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Paul Herbert 5th Dan
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The Twenty Guiding Principles of Karate
G. Funakoshi

You’ll be able to find textbooks on Karate in most good book stores that sell Martial Arts books. You’ll probably be able to buy every textbook ever written on Karate-Do online. However, to have a book that looks into the less physical side of Karate is wonderful.

These are the twenty principles that should accompany your physical training in the dojo. They provide a code of conduct by which all Karate-Ka should abide, in order to get the most out of their training.

We all bow when we face an adversary and all bow when we enter a dojo. We all bow prior to calling Jion. But why?

The answers are here.

The book was not actually written by Sensei Funakoshi himself, but the twenty principles were. After an interpretation, only when Funakoshi Sensei was happy this interpretation encompassed everything that the original twenty principles offered, the book came into creation.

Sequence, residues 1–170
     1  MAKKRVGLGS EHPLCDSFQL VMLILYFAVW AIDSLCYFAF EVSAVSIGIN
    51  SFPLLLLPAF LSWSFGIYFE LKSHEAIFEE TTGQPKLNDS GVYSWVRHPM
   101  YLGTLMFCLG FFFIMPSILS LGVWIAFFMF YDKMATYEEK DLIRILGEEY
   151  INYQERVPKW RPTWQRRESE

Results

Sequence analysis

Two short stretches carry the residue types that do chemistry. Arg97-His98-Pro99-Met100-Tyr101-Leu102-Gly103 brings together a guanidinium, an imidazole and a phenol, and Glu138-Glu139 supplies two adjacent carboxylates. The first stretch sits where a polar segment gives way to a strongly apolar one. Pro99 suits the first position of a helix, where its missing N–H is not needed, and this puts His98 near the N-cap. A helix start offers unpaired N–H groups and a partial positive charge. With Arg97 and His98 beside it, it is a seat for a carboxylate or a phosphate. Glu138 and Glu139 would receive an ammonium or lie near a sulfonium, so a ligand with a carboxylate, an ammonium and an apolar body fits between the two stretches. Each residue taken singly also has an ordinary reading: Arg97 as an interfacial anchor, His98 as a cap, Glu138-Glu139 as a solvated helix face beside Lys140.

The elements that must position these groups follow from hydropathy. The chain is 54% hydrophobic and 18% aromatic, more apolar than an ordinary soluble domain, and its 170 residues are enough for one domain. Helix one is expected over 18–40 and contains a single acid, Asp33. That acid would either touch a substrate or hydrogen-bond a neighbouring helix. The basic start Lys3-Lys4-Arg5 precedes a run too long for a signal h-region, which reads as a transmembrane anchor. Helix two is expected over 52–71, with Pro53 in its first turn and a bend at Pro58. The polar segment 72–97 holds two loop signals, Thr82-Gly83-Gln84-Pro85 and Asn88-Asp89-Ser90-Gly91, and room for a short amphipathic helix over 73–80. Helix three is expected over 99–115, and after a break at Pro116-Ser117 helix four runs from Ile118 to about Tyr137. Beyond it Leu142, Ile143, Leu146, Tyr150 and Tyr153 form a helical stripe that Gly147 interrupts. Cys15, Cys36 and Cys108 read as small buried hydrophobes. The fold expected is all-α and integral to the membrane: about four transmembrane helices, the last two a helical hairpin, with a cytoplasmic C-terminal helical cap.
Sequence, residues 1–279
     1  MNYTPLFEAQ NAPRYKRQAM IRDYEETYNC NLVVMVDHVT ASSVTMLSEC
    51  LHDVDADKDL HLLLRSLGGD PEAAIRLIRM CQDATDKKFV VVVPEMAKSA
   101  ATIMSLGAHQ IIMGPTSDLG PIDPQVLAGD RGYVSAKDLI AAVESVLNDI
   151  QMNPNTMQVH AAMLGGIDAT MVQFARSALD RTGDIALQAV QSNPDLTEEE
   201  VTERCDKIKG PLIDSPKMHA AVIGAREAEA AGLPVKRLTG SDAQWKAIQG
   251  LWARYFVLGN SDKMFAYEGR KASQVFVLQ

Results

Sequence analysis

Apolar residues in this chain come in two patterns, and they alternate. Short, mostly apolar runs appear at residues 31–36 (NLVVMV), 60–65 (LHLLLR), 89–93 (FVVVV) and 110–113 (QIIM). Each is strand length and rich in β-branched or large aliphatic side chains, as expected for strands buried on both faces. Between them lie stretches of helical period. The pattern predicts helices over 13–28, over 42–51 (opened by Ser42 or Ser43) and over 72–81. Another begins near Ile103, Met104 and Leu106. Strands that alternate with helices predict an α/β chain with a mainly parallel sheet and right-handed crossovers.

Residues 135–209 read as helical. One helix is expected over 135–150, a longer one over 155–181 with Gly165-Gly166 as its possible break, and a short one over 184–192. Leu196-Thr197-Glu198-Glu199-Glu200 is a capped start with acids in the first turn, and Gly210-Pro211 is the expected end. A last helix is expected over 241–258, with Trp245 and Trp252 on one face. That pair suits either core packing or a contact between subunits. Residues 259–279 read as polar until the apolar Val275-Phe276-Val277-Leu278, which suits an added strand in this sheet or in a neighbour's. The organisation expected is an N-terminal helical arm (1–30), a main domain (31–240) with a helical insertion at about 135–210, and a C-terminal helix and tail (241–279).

The Twenty Guiding Principles of Karate is beautifully presented, possibly the most beautiful of all of the Karate books, and there is a real sense of respect for Karate that runs throughout each chapter.

If you want to learn a little more about Karate than simple punches, kicks and blocks, this book is for you. It will help you understand the complexities of the Japanese culture and gives an insight into the Budo mentality. Not really for beginners, but most definitely for those who want to delve a little deeper.

Mark Thompson

Date: 7/01/06